Whenever I bring my kids to the park there is almost always another family with kids there. And, inevitably, there is a not-so-gentle “reminder” to not go up the slide.
“Stay on your bottom, Sweetie!”
“Slides are for going DOWN!”
“Get off of there! You’re going to fall!”
I’m often given dirty looks and even asked why I don’t tell my children to stop climbing up the slide. Because they are playing and aren’t hurting anyone. Of course they already know the rule; those going down take precedent & you always get out of their way. Other than that, I honestly see no harm in it.
Yesterday at the park a woman was desperately trying to keep the young tot with her from going up the slide. But the kid kept going back and trying it again, and again. Exasperated the woman gave up.
“When you fall off maybe then you’ll learn not to do that again!”
Of course I don’t believe she really wished for the kid to fall (nor would she have let him), but it was clear that she did wish for him to learn it was “dangerous” and to hopefully not do it. This is where I shake my head a little. I don’t wish my kids to learn how bad something is and to then avoid it. I want them to learn from it. If my kid falls off a slide, I want him to yes, learn the dangers of it, but I also want him to come up with a new strategy and figure out how do it without falling. I want him to grow. I want him to learn.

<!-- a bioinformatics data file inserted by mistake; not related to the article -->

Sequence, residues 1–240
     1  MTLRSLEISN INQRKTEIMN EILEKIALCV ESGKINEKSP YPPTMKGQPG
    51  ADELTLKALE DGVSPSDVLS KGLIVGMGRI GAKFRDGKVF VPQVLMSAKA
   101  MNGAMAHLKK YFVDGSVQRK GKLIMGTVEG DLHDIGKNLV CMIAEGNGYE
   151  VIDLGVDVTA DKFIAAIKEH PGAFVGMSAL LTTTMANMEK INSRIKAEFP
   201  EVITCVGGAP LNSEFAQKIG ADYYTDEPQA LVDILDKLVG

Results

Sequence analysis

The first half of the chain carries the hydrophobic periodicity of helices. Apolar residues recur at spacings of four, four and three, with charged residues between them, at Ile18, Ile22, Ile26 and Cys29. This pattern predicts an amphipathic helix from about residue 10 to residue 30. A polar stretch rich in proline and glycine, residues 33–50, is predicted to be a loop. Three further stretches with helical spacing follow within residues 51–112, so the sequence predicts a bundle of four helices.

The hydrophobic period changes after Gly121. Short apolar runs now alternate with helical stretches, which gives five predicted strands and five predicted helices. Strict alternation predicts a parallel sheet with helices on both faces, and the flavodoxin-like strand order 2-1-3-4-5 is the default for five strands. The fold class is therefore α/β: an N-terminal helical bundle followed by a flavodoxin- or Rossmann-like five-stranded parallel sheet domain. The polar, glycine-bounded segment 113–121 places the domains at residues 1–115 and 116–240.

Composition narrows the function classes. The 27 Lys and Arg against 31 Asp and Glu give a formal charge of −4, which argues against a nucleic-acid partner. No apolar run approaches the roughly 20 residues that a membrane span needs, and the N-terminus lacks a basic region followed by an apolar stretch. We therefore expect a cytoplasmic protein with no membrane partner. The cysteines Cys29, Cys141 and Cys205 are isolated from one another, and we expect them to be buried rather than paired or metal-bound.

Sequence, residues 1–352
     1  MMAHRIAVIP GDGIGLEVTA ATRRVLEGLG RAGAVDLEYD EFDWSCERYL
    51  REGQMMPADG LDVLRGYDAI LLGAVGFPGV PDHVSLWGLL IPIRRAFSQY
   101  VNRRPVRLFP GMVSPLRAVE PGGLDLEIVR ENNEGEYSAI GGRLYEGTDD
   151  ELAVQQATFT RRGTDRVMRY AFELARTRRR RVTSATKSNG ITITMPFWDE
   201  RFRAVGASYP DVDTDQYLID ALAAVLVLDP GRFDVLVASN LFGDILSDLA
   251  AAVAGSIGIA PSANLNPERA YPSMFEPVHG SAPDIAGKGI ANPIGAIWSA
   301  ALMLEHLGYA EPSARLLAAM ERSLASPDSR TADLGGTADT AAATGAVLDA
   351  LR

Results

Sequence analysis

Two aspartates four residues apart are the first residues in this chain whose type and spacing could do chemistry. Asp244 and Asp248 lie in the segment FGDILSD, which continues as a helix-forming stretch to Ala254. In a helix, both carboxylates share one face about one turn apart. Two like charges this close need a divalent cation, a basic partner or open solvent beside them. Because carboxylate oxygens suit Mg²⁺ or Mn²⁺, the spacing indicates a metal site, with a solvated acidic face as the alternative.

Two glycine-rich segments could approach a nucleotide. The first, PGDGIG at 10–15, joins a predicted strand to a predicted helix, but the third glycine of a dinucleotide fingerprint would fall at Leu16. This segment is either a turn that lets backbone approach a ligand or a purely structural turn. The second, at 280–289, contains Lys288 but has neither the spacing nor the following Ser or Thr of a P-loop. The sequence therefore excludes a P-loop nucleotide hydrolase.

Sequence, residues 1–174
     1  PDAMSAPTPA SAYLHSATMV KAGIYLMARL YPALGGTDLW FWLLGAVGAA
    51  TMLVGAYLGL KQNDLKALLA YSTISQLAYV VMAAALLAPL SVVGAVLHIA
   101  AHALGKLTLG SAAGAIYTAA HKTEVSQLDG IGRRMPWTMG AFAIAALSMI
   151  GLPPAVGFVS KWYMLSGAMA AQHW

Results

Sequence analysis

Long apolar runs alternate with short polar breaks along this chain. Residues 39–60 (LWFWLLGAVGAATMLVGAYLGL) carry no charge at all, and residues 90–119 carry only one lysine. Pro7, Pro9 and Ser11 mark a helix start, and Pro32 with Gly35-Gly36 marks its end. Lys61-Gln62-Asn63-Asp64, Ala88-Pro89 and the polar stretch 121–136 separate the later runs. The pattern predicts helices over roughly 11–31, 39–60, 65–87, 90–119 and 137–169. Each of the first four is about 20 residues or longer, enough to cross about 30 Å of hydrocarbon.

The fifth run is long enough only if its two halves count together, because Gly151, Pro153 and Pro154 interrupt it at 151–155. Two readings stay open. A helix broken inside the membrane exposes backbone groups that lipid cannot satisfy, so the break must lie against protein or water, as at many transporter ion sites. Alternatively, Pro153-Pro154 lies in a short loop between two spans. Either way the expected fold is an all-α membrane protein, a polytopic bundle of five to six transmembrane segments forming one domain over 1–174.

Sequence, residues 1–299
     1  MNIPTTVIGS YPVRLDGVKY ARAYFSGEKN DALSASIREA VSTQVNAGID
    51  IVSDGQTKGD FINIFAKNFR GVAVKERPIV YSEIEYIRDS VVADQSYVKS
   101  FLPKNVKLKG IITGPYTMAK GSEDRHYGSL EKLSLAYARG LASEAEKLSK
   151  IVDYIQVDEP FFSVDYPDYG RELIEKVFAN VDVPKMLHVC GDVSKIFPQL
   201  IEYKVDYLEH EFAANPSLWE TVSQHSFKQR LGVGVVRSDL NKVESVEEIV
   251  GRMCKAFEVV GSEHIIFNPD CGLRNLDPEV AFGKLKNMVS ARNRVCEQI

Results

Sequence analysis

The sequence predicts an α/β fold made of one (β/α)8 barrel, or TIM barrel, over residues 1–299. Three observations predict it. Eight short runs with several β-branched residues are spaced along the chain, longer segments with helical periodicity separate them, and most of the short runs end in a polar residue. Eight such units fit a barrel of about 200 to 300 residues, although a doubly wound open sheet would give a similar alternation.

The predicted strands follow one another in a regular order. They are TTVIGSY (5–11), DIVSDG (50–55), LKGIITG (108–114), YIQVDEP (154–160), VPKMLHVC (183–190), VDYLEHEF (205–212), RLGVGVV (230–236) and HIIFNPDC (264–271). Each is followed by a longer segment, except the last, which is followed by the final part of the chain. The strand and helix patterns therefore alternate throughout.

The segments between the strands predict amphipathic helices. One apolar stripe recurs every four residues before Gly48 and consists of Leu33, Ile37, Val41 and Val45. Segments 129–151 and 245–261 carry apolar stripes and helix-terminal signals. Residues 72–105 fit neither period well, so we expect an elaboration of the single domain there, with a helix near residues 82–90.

Imagine if every time we failed we just stopped trying. My first marathon was a failure. So was my second. And, devastatingly, my third. But I didn’t quit. Yes, it was a struggle, an “up hill battle” if you will, but I learned something new about the distance after every cycle of training and every race. I compounded this knowledge until I started getting it right. If my kid had quit the first time he didn’t make it up the slide, he would have never experienced the satisfaction of having made it to the top once he was big enough, strong enough, and experienced enough to do it. If I had quit after my first race, I would have never known the joy of smashing my goal.
Sometimes we fall. Sometimes we get hurt. Sometimes we fail. But these can be good things. We can learn from how something doesn’t work, making us that much more efficient the next time around. I will do great things in the marathon because I just keep trying. I keep climbing. I keep on running.
I don’t ever want my kids to stop climbing up the slide. I want them to keep climbing up, up, and up because I love the confidence, the satisfaction, and the joy on their faces when they make it to the top, turn around, and smile back down at me.